If the moisture leaving an average resting person’s body in one day were collected and condensed it would fill a 1-L container.

It is interesting to note that an average person dissipates latent heat at a minimum rate of 30 W while resting. Noting that the enthalpy of vaporization of water at 33ºC is 2424 kJ/kg, the amount of water an average person loses a day by evaporation at the skin and the lungs is (Fig. 27)

which justifies the sound advice that a person must drink at least 1 L of water every day. Therefore, a family of four will supply 4 L of water a day to the air in the house while just resting. This amount will be much higher during heavy work.

Heat given off by people usually constitutes a significant fraction of the sensible and latent heat gain of a building, and may dominate the cooling load in high occupancy buildings such as theaters and concert halls. The rate of heat gain from people given in Table 8 is quite accurate, but there is consider-able uncertainty in the internal load due to people because of the difficulty in predicting the number of occupants in a building at any given time. The design cooling load of a building should be determined assuming full occupancy. In the absence of better data, the number of occupants can be estimated on the basis of one occupant per 1 m2 in auditoriums, 2.5 m2 in schools, 3–5 m2 in retail stores, and 10–15 m2 in offices.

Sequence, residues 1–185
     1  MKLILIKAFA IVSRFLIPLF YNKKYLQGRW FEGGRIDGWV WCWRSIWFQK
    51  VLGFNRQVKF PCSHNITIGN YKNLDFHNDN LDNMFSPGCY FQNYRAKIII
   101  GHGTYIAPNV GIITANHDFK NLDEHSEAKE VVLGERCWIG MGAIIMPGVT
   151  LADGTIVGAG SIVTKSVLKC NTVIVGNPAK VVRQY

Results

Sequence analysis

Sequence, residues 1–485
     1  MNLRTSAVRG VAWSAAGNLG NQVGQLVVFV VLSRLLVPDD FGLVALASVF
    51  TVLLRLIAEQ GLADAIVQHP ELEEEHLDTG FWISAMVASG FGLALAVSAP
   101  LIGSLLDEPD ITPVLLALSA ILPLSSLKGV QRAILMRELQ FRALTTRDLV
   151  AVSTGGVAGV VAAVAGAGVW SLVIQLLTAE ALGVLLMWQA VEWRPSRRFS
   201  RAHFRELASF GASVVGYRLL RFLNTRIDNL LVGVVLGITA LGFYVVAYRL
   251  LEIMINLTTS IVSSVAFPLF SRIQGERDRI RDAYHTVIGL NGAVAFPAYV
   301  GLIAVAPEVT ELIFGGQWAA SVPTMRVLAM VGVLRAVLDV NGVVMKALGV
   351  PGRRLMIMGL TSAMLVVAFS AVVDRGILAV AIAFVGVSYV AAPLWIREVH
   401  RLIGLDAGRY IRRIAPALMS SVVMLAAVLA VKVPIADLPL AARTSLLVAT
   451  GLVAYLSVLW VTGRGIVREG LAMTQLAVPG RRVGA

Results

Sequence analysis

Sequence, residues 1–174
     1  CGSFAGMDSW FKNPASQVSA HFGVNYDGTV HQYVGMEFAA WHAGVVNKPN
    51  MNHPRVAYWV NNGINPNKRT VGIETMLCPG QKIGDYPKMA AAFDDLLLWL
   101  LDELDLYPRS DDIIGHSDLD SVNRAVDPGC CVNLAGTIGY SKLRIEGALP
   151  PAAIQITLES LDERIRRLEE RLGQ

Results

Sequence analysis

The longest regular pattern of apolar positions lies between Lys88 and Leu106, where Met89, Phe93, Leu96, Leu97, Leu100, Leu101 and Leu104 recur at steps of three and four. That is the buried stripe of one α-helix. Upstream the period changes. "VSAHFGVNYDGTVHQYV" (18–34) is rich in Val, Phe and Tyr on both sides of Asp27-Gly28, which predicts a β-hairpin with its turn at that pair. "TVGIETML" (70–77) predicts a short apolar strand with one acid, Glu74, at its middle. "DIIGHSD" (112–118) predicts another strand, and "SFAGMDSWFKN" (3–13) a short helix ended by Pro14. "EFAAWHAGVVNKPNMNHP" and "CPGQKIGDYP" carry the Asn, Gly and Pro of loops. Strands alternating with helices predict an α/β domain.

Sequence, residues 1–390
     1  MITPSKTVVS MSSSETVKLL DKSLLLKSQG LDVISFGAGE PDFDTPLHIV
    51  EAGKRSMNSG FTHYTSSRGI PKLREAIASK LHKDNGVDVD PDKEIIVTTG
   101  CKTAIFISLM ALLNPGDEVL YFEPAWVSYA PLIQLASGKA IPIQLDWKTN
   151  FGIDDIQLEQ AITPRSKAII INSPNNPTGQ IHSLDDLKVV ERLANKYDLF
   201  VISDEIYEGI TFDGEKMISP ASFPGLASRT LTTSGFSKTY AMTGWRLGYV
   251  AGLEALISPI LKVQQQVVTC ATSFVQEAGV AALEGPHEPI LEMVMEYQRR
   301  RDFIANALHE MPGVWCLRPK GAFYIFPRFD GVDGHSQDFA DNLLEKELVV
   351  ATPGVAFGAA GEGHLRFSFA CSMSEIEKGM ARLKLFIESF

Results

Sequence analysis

Lighting constitutes about 7 percent of the total energy use in residential buildings and 25 percent in commercial buildings. Therefore, lighting can have a significant impact on the heating and cooling loads of a building. Not counting the candle light used for emergencies and romantic settings, and the kerosene lamps used during camping, all modern lighting equipment is powered by electricity. The basic types of electric lighting devices are incandescent, fluorescent, and gaseous discharge lamps.